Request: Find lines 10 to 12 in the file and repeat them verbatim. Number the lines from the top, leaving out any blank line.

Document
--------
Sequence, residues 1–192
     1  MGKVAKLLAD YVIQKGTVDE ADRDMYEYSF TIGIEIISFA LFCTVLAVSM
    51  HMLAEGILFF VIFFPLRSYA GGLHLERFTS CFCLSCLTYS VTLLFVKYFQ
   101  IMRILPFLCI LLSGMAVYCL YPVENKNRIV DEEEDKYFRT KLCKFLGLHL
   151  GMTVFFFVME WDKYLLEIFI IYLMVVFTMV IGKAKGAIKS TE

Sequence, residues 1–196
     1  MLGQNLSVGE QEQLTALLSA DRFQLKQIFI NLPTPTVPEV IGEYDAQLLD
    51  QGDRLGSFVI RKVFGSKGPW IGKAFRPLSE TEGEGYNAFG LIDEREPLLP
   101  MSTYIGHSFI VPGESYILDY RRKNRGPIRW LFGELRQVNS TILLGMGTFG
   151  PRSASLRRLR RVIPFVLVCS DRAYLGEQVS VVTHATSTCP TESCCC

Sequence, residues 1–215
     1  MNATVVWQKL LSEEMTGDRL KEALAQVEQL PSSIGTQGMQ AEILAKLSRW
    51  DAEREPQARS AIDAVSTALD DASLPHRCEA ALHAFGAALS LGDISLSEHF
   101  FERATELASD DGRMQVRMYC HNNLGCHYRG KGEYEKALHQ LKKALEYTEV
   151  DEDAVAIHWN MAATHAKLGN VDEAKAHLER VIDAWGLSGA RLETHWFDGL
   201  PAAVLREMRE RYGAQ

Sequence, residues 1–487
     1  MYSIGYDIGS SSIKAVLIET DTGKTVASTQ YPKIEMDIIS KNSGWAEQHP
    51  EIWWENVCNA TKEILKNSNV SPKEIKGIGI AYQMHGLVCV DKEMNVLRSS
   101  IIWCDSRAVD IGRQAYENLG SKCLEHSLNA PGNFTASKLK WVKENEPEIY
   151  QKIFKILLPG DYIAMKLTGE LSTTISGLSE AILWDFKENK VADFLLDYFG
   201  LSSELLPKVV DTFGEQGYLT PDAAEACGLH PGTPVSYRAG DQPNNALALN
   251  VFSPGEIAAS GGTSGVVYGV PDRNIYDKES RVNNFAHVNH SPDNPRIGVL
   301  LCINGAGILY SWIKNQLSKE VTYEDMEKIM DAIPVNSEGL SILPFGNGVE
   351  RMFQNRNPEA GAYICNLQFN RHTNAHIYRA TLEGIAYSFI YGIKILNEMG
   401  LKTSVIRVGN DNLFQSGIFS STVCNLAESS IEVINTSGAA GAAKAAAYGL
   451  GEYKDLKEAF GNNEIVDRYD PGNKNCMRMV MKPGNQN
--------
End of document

   151  PRSASLRRLR RVIPFVLVCS DRAYLGEQVS VVTHATSTCP TESCCC

Sequence, residues 1–215
     1  MNATVVWQKL LSEEMTGDRL KEALAQVEQL PSSIGTQGMQ AEILAKLSRW